Canadians who cannot afford regular meals are more likely to die early, according to a study released this week, showing that people are dying from hunger even in wealthy countries like Canada.
The study of more than half a million Canadian adults found that hunger was linked to raised mortality from all causes of death except cancer.
But infectious diseases, unintentional injuries and suicide were twice as likely to kill those who faced severe problems finding enough food as those who do not, said the paper, published in the Canadian Medical Association Journal.
"It's like we found third-world causes in a first-world country," lead author Fei Men, a postdoctoral fellow at the University of Toronto, said. "Food insecure people in Canada are facing problems like infections and drug poisoning that we would expect people from developing countries to be facing.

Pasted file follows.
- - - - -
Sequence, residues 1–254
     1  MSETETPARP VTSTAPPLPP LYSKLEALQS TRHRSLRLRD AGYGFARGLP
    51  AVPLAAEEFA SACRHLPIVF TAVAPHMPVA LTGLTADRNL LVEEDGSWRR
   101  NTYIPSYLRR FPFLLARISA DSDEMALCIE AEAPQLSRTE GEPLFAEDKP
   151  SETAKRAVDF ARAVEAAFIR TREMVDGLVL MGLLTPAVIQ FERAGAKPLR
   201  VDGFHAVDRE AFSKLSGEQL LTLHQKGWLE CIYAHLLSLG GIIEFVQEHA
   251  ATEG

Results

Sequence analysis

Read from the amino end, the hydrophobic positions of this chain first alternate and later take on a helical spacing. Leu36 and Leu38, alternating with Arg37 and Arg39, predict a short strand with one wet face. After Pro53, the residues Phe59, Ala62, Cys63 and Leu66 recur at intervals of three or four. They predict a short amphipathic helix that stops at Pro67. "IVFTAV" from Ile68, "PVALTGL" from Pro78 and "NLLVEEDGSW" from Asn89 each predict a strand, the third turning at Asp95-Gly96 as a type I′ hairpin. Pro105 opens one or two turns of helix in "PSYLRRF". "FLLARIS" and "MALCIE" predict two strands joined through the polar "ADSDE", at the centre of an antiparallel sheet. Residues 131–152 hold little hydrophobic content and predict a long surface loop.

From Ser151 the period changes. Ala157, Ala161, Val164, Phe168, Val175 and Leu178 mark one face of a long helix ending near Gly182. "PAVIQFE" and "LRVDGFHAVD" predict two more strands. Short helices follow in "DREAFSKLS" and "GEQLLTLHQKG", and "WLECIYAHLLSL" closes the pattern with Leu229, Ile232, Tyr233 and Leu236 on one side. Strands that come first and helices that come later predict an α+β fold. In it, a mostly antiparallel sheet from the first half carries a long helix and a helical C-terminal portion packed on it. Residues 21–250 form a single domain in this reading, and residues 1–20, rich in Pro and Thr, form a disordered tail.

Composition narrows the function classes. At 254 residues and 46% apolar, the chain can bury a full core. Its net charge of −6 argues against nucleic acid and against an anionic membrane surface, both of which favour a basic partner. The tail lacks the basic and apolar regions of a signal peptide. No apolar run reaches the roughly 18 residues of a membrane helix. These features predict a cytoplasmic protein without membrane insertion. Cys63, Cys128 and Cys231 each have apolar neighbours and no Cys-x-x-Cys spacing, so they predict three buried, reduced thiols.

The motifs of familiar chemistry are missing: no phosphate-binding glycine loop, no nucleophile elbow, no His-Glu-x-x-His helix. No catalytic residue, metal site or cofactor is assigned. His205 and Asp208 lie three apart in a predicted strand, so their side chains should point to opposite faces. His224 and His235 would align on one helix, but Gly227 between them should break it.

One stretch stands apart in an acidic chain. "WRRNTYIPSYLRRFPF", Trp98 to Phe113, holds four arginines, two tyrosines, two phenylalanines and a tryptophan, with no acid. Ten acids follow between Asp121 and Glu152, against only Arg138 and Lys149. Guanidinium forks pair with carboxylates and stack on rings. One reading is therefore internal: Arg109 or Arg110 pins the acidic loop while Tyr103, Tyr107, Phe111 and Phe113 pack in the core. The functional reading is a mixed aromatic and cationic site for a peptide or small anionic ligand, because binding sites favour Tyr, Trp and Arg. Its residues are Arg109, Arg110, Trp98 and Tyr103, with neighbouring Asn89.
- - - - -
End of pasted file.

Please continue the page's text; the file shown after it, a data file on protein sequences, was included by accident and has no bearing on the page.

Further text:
"The results are pretty striking to us as well. In the developed world such as Canada, food insecurity can still cause deaths.”
More than 4 million people in Canada struggle to get enough to eat out of a population of 37 million, which means roughly 11 percent are malnourished. Official data shows this problem ranges from running out of food or skipping meals to compromising on quantity and quality.
Not having enough to eat leads to both "material deprivation and psychological distress" which in turn results in chronic inflammation and malnutrition, it said.
They are also less able to manage chronic conditions, Men said, such as diabetes, where “they are more likely to not adhere to their treatment and drugs so it might have much bigger and harmful effect on them."
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